Monday, December 21, 2009

All things are go!

Just a short post this time with an update on a couple of things that have happened at Piccalilly in the last few of weeks.

It is obviously the lead-up to Christmas at the moment, and we are very busy, working all the hours in the week, but there has been a breakthrough to lift our (mainly Iain's) spirits: We tasted our first Piccalilly-grown tomato on Friday last week!

It was a cherry-sized yellow one, that on further investigation, contained very few, tiny yellow seeds and sweet yellow flesh. The skin was a little tough but we decided that was fair enough due to it being very slow to ripen. Once the weather warms up we hope there are many more to follow, and hope that some of you are lucky enough to taste them on the plate at Piccalilly!

Iain (too exhausted to get outwardly excited) holding the solitary tomato, it had to be cut into very tiny pieces so everyone could have a taste.

We spent last weekend working hard at rejuvenating our iconic front door. The 1860's cedar door has been slowly deteriorating since long before we moved into our beautiful corner building in Battery Point two years ago. The time finally came for us to give it a face-lift.

The corner of the building getting all the attention, is north facing and consequently has the full force of the Tasmanian sun on it for most of the day. The sun and other types of weather have been causing the paint and the antique timber underneath to suffer badly. There were several cracks that allowed daylight to be seen through the closed door. Someone in the distant past had tried to fix the the door with putty and good faith but without lasting good results.

We didn't realise just how bad it was until we saw it all fixed up!

Step one with the help of Iain's very willing parents, was to remove the burgundy-coloured paint and filler with a flexy scraper and a heat gun so as to not damage the old timber. The bottom third of the door was very delicate and spongy due to a little bit of rot. The paint around the hand carved moulding had cracked allowing water to damage the timber.

Once the paint had been removed the door was then primed and given a light sand to show the full extent of the cracks, dents and rot. We briefly entertained the thought of leaving the timber naked but it was in such a bad state that it just wasn't possible.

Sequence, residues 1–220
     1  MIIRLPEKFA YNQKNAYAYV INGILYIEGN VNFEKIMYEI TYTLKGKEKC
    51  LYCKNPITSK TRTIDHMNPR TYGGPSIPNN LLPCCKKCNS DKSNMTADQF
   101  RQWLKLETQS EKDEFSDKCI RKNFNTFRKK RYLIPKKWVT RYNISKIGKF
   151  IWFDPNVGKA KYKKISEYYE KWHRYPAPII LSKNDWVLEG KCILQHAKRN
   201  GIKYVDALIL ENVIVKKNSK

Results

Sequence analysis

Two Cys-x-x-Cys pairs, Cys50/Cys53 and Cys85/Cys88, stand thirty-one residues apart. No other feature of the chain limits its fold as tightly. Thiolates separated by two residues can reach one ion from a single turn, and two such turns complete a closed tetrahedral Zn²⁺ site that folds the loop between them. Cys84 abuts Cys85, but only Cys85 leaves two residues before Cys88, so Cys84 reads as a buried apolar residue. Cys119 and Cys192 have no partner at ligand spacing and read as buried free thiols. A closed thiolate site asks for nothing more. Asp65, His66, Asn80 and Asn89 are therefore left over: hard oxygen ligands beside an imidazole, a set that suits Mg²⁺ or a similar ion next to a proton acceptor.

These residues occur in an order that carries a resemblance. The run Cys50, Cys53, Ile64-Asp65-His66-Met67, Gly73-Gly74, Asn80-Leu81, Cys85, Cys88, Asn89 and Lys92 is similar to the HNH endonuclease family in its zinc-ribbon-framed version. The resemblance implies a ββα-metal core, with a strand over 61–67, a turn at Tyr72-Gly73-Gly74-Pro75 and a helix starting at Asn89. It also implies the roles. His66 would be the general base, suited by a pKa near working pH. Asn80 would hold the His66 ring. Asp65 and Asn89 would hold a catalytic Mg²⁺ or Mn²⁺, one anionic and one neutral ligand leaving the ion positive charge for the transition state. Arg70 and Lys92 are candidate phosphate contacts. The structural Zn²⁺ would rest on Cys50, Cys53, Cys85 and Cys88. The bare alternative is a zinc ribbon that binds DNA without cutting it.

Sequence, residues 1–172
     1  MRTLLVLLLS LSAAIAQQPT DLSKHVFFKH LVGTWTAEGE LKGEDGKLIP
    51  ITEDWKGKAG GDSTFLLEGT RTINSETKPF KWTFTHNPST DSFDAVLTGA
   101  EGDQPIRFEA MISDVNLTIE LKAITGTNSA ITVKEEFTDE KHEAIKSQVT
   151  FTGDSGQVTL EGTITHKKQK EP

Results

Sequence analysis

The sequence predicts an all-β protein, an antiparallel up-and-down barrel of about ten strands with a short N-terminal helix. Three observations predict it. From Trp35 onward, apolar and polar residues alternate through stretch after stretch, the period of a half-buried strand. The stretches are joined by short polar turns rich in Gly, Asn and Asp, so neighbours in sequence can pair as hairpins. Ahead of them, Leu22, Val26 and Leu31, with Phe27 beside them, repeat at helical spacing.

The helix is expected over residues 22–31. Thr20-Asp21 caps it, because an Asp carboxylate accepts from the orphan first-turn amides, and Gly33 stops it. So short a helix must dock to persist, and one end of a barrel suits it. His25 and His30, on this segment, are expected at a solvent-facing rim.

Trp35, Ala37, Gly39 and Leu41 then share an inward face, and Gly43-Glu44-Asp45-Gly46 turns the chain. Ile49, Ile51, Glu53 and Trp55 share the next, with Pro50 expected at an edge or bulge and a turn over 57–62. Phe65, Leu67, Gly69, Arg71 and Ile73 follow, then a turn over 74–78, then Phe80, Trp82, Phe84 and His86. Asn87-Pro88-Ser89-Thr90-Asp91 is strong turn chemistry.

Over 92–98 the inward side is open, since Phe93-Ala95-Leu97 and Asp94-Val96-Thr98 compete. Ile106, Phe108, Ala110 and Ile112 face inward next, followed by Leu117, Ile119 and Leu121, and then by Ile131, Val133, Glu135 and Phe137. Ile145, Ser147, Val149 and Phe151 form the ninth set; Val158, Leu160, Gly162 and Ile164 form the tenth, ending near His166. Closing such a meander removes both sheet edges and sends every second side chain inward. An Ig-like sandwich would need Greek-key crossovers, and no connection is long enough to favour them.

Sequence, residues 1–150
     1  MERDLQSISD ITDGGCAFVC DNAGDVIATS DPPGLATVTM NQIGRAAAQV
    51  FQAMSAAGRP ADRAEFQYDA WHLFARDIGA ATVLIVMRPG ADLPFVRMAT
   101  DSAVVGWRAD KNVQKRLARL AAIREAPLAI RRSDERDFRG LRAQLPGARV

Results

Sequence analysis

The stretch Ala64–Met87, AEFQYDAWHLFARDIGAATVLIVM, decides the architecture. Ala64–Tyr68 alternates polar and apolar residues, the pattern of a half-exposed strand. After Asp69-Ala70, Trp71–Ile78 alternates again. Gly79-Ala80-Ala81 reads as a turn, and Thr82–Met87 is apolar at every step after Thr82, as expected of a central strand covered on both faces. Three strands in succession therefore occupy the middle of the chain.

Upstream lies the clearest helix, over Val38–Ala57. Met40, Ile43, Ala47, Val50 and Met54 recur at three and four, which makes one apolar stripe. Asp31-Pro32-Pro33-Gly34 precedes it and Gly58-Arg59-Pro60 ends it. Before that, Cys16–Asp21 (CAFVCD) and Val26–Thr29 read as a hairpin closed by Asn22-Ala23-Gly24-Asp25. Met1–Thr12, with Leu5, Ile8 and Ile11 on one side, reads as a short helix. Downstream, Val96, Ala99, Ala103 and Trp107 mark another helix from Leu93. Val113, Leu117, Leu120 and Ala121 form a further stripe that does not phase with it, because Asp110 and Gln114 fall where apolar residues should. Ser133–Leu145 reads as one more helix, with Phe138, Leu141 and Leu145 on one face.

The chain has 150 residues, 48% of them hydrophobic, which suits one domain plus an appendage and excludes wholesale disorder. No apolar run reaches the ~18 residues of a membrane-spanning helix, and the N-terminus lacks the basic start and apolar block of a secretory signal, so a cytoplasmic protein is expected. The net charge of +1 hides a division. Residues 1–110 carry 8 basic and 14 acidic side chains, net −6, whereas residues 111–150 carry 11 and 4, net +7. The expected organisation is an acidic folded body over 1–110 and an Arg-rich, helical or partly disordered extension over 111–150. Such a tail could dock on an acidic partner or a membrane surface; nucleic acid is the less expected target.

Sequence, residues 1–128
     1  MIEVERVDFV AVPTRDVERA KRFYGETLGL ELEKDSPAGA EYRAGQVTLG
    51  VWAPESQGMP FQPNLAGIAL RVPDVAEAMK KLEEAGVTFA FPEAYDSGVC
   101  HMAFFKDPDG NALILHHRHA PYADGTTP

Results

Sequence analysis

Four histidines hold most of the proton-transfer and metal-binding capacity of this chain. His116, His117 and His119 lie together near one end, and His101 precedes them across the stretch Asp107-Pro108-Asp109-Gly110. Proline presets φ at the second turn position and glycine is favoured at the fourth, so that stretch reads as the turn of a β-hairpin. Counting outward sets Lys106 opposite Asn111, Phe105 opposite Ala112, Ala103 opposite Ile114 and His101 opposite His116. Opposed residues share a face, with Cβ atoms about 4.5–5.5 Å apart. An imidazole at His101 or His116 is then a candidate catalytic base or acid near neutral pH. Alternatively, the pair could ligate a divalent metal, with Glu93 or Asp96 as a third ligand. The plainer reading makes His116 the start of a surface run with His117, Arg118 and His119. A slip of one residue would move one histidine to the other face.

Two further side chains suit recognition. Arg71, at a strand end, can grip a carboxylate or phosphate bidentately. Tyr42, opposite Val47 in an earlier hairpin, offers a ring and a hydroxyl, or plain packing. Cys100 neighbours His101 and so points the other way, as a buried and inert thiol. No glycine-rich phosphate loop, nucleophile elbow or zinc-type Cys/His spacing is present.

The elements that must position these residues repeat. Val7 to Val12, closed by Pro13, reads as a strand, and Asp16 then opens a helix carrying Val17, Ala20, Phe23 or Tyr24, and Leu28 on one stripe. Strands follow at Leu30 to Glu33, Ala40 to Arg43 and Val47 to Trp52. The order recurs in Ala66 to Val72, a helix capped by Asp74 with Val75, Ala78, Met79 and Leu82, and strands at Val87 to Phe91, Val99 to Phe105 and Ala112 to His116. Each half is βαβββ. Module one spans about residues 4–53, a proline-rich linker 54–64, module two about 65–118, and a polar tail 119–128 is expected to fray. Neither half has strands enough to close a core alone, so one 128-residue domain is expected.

We then applied an epoxy and very hard-wearing filler to the cracks and soft areas on the lower half of the door, and spent several hours sanding it back to create a smooth finish for the Hobart icon. It was then primed again, before it was time to start applying some colour.

After filling and sanding.

Four coats later and with the brass fittings freshly polished it was ready to dazzle our Tuesday diners!

Finished and beautiful!

We also have a photograph of last week's Wessex pork shoulder, you can see the thick fat layer and rich dark meat! Yumm yumm!

We wish you all a very merry Christmas and a safe new year, with plenty of good food, wine and travel. We hope to see you soon for pork and tomatoes...

Monday, December 7, 2009

More New Things

We have had an exciting November and early December. We have been contacted by Guy and Eliza at Mount Gnomon Farm, in Tasmania's north west. They are breeders of rare breed Wessex Saddleback pigs. These pigs have a very high level of fat and a beautiful sweet meat with a dark, rich colour. We are using the fore-leg and shoulder for out pork mornay dish.

The pigs are large and quite tall with a white belt across the shoulders and down both front legs. Originally from England was kept as a bacon big and is still classified as rare the world over but breeders in both Australia and New Zealand are having great success.